ROME (REUTERS) - Italy's plan to join China's Belt and Road Initiative (BRI) has upset the United States, which warned that the move could significantly damage Rome's international image.
The Financial Times reported on Wednesday (March 6) that Italy is negotiating a preliminary deal to become a part of China's giant infrastructure plan to boost trade.
"We view BRI as a 'made by China, for China' initiative," the newspaper quoted Mr Garrett Marquis, the White House National Security Council spokesman, as saying.
Italy's Junior Industry Minister Michele Geraci said that if Italy did sign an accord when Chinese President Xi Jinping visits the country later this month, it would be non-binding and just "an initial framework".
Mr Geraci said he had not seen any sign the US was annoyed or concerned.
"Our goal does not seem to me to be controversial," he said. "It is about helping companies do business."
However, in a sign there is no government unity on the issue, another junior minister cautioned against any such move, saying more thought had to be given about national security.
"5G and infrastructural access are issues of national security that must be evaluated with great care. At this moment, I do not think we should proceed with the signature," Foreign Ministry undersecretary Guglielmo Picchi wrote on Twitter.
Both Mr Picchi and Mr Geraci represent the coalition, far-right League party.
An Italian diplomatic source told Reuters that Rome was facing "a lot of pressure" from China to sign a Memorandum of Understanding (MOU), but added that if an accord was reached, it would be "an empty box".
The BRI, championed by Mr Xi, aims to link China by sea and land with south-east and central Asia, the Middle East, Europe and Africa, through an infrastructure network on the lines of the old Silk Road. Aside from boosting trade and investment, Mr Xi aims to advance exchanges in areas such as science, technology and culture.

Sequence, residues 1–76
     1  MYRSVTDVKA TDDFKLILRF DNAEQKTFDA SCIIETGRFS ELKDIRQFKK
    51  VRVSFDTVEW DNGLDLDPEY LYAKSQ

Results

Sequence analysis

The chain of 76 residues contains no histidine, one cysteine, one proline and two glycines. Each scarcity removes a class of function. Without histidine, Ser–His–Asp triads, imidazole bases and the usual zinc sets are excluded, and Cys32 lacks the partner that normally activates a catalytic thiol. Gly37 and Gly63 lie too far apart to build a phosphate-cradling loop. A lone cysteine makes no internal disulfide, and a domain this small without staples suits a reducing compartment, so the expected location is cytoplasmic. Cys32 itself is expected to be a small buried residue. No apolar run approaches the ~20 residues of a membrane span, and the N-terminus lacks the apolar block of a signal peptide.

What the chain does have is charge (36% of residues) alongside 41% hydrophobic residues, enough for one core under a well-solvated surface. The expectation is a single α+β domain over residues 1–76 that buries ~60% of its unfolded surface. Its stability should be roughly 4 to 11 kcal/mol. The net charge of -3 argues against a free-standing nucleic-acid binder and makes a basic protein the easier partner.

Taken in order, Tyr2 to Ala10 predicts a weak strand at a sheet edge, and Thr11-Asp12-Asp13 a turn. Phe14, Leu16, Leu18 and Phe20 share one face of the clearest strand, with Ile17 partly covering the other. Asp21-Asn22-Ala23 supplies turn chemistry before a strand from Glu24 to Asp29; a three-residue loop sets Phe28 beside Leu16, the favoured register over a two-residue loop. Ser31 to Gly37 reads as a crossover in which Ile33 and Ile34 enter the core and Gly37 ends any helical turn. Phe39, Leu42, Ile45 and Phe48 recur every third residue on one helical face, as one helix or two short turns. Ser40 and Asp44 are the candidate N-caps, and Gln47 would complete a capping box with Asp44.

Italian officials said Mr Xi was due to visit Italy from March 22 to 24, and would spend at least one day in Palermo - the capital of the island of Sicily.
"We are still negotiating the details of the MOU and it might, or might not be signed," Mr Geraci said. "It is an initial framework. It is not a contract, there are no commitments, there are no funds and no obligations."
Italy fell into recession at the end of 2018 for the third time in a decade and the government is eager to find ways to boost the economy and revive the stalled construction sector.
A number of European Union states have signed MOUs with China, including Croatia, Czech Republic, Hungary, Greece, Malta, Poland and Portugal. If Italy signs, it would be the first Group of Seven major industrialised nation to do so.
An EU spokesman in Brussels said the EU was cooperating with Beijing on the initiative, but added that this was "on the basis of China fulfilling its declared aim of making it an open platform which adheres to market rules, EU and international requirements and standards".
Past EU optimism over dealing with China has turned to frustration over Beijing's slowness to open up its economy and a surge of Chinese takeovers in critical sectors. There has also been pressure from the US to shun China over espionage fears.